WASHINGTON – There are popular fundamental misconceptions about Iran’s nuclear program: that the Iranian leadership has a fixed goal of acquiring a nuclear weapon, that if left alone Iran would build such a weapon and that this presumed ambition will be thwarted only if the rest of the world imposes enough costs and barriers.
These misconceptions infuse much of the U.S. discourse on Iran, as reflected in frequent, erroneous references to Iran’s “nuclear weapons program.” These mistakes encourage a posture toward Iran that makes it more, not less, likely that Tehran will decide someday to build a bomb.
Public U.S. intelligence assessments are that Iran has not made any such decision and might never do so. Iranians have been interested in the option of a nuclear weapon, and some of their nuclear activities have helped to preserve that option. Whether they ever exercise the option depends primarily on the state of their relationship with the rest of the world, particularly the United States.
As they sit down for their next round of talks with Foreign Minister Mohammad Javad Zarif, the U.S. and its negotiating partners have an opportunity to forge a relationship with an Iran that remains a nonnuclear-weapons state — not so much because of technical barriers they might raise, but because the relationship would be one in which the Iranians would not want a nuclear weapon.
The principal purpose for which Iran might seek such a weapon is deterrence against attacks on its homeland. This is the main reason that threats of military strikes are counterproductive. It is also why the likelihood of an Iranian bomb would recede if the West developed a relationship in which the Iranians believed they could live comfortably over the long term and in which the prospect of a military attack against Iran also recedes.
A focus on “breakout capability” and recitation of the mantra that “a bad deal is worse than no deal” overlook the enormous disincentives that Iran would have to renege on any agreement with the five permanent members of the U.N. Security Council and Germany — the “P5-plus-1” — that helped to establish such a relationship. Iranian cheating would mean a redoubling of the political incentives in the West, and especially the U.S., that have made it far easier for politicians to impose sanctions on Iran than to remove them. Iranians would be thrown right back into the economic vise they clearly want to be out of.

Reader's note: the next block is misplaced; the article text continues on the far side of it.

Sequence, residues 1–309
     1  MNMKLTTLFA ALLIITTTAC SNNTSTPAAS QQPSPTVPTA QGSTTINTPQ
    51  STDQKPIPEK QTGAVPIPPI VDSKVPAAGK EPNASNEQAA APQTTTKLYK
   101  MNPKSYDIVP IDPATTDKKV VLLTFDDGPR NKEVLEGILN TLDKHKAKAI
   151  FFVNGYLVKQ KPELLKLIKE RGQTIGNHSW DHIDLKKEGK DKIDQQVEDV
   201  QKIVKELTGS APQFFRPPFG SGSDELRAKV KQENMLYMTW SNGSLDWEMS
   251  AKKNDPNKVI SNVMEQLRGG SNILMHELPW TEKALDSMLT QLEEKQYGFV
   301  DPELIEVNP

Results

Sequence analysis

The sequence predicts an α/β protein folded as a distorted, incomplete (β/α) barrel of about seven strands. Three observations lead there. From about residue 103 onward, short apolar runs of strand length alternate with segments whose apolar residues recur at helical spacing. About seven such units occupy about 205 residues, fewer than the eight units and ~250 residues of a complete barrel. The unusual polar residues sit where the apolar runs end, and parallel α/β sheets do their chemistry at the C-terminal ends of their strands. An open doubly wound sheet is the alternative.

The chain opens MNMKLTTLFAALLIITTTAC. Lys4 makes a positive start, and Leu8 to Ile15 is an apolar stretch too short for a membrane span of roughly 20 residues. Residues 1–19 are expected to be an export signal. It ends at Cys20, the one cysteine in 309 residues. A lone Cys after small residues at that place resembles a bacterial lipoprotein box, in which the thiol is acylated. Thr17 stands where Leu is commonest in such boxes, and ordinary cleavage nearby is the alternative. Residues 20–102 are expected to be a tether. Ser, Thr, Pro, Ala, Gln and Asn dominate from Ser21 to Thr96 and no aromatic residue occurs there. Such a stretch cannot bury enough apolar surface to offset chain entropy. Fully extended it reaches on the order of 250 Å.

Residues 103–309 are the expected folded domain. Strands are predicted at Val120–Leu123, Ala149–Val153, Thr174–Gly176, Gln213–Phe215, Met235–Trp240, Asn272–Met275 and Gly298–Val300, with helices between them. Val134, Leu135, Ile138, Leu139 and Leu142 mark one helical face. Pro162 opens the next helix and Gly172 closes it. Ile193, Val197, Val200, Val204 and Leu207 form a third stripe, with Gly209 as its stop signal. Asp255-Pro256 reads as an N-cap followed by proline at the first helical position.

Reneging on an agreement also would go directly against the declaration of Iranian Supreme Leader Ayatollah Ali Khamenei that “production, stockpiling and use” of nuclear weapons are forbidden under Islam. A clear Iranian violation and movement toward a nuclear weapon therefore would involve almost as much of a loss of face for the supreme leader as it would for him to give up altogether Iran’s uranium enrichment program, as hard-liners in the U.S. and Israel unrealistically demand.
It would be a grave mistake for the U.S. and its partners to adhere to an inflexible negotiating position based on the mistaken notion that an Iran bent on building nuclear weapons can be coerced or physically prevented from doing so.
If Iran really were bent on building the bomb, it probably would have done so by now, based on a nuclear program that dates to the time of the shah.
Certain prevention is impossible, whether through diplomacy, military force or other means. Like many other things in international relations, this issue is a matter of weighing relative risks. There is minimal risk of Iran throwing away an agreement that ended debilitating sanctions to pursue a nuclear weapons scenario that so far exists more in U.S. fears and politics than in Iranian desires.
The risk is much greater that an unbalanced, hard-line P5-plus-1 position that offers only minimal sanctions relief while demanding substantial Iranian concessions would kill the best opportunity in years to build a better relationship with Tehran, would lose the additional scrutiny of Iran’s nuclear program that any conceivable agreement would include and would stoke Iranian officials’ interest in building a nuclear deterrent as a way of dealing with what they would perceive as unending Western hostility.
The task ahead is diplomacy in the fullest sense: the use of negotiations not to break the will of an adversary but, instead, to find enough common ground to reach agreements that both sides will want to uphold.
Paul R. Pillar is a nonresident senior fellow at Georgetown University’s Center for Security Studies and the Brookings Institution.
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